Paramount Global shutting down MTV News, cutting 25% of staff from TV networks
CEO Chris McCarthy informed his division of Paramount Global on Tuesday that 25% of staff will be let go, and certain units like MTV News will be shut down altogether.
McCarthy’s division is comprised of newly conjoined Showtime/MTV Entertainment Studios as well as Paramount Media Networks. The majority of cuts are expected to occur in the networks sector, reports The Hollywood Reporter.
McCarthy says the division will now be split into two functions, “studios” and “networks,” which will merge nine separate teams into one portfolio.
The combination with Showtime “has resulted in an incredible track record of hits,” McCarthy said in a memo to staff, mentioning successes like “Yellowstone,” “The Challenge,” “Your Honor” and “Yellowjackets.”
“However, despite this success in streaming, we continue to feel pressure from broader economic headwinds like many of our peers,” he added.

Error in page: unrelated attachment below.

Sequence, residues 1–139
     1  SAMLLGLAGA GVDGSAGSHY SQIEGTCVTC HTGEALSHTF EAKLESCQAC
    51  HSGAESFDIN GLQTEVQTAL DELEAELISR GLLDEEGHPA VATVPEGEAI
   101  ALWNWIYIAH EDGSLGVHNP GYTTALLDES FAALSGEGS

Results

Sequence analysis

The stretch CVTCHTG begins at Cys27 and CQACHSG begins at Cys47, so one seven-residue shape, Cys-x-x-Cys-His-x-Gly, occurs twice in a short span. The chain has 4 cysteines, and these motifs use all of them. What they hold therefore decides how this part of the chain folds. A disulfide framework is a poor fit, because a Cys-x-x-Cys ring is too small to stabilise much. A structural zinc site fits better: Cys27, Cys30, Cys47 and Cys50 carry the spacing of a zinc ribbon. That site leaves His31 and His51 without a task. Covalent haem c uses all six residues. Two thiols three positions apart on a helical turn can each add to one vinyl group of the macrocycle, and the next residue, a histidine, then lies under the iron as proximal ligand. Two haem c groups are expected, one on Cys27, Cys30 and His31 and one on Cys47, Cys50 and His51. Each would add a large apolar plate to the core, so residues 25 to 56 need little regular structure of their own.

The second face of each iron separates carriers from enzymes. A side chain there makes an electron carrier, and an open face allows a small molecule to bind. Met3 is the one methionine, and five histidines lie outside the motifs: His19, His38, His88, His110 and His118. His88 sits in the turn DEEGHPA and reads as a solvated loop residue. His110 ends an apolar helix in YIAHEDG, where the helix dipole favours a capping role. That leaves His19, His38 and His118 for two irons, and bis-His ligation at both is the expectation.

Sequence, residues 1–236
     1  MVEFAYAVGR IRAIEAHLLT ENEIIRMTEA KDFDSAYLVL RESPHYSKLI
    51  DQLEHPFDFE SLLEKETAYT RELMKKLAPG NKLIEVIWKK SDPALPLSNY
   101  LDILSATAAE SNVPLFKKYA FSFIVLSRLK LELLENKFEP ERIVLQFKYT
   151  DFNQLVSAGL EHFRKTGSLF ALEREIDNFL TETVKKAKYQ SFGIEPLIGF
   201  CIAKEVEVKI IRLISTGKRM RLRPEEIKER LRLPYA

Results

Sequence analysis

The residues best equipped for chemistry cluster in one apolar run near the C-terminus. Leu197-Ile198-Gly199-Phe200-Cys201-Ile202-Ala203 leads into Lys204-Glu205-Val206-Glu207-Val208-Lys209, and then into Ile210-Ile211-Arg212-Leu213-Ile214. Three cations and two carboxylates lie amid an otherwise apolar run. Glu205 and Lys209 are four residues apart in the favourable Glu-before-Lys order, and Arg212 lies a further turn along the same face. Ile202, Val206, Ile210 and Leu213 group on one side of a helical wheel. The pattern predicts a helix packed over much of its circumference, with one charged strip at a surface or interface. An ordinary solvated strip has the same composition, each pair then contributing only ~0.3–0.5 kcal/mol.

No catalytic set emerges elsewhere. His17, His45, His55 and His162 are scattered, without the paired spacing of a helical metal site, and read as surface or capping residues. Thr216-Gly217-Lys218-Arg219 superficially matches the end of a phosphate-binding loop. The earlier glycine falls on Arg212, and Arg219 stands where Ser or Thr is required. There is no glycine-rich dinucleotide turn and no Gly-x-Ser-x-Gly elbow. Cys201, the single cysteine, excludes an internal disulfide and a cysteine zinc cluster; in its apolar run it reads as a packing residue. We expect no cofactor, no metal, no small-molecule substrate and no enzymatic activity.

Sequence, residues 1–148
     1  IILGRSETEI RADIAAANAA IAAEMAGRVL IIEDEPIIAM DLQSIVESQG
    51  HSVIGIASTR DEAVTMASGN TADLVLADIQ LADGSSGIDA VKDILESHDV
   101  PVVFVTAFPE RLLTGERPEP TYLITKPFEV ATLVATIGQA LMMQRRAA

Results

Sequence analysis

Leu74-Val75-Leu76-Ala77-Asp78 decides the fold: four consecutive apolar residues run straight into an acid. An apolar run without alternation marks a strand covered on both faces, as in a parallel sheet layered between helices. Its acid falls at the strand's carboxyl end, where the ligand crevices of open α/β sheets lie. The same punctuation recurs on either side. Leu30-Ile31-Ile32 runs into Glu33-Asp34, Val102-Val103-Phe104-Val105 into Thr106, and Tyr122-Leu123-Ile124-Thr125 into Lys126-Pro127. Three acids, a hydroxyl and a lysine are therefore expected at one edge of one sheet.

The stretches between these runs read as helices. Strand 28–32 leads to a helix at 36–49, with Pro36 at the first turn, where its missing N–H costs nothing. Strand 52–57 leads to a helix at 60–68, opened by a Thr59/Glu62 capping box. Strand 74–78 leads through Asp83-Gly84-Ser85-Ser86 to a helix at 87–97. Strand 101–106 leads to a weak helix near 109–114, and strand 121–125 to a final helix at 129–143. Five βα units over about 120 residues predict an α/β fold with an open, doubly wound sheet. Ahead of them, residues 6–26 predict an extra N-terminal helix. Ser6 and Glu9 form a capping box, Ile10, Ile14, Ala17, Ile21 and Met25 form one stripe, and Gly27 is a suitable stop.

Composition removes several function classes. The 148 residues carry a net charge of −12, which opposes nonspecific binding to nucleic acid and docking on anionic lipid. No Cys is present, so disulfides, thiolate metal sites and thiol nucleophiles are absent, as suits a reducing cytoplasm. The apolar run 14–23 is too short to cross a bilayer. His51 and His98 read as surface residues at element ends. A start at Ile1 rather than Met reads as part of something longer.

The decision comes roughly half a year after Showtime’s leader David Nevins stepped down, and other top execs, including Showtime president Jana Winograde, followed earlier this year.
Since then, McCarthy has been busy finding a new strategy to rework Showtime’s brand. He’s now focused on three specifics in programming: diverse cultures, antiheroes, and high-stakes worlds. The projects that don’t fit neatly into one of those categories are shelved or sold elsewhere.
According to the McCarthy, the strategy has provided clarity for the company and led to “a way higher hit ratio.”
Despite this, Paramount Global shared dismal quarterly earnings last week, including an 11 percent dip in TV ad revenue.
Paramount CEO Bob Bakish told investors that the company is “navigating a challenging and uncertain macroeconomic environment, and you see the impact of that on our financials, as the combination of peak streaming investment intersects with cyclical ad softness.”
But hard times are being felt across the industry. Warner Bros. Discovery announced a series of layoffs in addition to a corporate reorganization last year, while Disney is in the midst of instituting 7,000 layoffs across the company.